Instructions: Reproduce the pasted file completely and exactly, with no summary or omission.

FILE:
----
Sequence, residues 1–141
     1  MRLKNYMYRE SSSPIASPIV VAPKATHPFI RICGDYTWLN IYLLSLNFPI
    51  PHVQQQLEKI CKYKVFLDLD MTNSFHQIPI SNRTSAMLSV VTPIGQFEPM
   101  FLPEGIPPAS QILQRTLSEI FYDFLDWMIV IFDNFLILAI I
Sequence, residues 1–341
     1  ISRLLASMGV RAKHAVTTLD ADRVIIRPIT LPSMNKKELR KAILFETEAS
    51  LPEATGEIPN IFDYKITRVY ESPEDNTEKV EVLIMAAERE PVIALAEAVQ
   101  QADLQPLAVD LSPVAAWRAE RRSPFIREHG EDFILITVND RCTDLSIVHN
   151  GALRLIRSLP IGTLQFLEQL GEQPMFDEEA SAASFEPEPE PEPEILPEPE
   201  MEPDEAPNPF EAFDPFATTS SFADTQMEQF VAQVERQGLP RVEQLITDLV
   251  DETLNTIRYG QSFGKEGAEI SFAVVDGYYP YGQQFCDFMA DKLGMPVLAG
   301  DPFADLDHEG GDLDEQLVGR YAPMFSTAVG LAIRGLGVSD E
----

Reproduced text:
Sequence, residues 1–141
     1  MRLKNYMYRE SSSPIASPIV VAPKATHPFI RICGDYTWLN IYLLSLNFPI
    51  PHVQQQLEKI CKYKVFLDLD MTNSFHQIPI SNRTSAMLSV VTPIGQFEPM
   101  FLPEGIPPAS QILQRTLSEI FYDFLDWMIV IFDNFLILAI I
Sequence, residues 1–341
     1  ISRLLASMGV RAKHAVTTLD ADRVIIRPIT LPSMNKKELR KAILFETEAS
    51  LPEATGEIPN IFDYKITRVY ESPEDNTEKV EVLIMAAERE PVIALAEAVQ
   101  QADLQPLAVD LSPVAAWRAE RRSPFIREHG EDFILITVND RCTDLSIVHN
   151  GALRLIRSLP IGTLQFLEQL GEQPMFDEEA SAASFEPEPE PEPEILPEPE
   201  MEPDEAPNPF EAFDPFATTS SFADTQMEQF VAQVERQGLP RVEQLITDLV
   251  DETLNTIRYG QSFGKEGAEI SFAVVDGYYP YGQQFCDFMA DKLGMPVLAG
   301  DPFADLDHEG GDLDEQLVGR YAPMFSTAVG LAIRGLGVSD E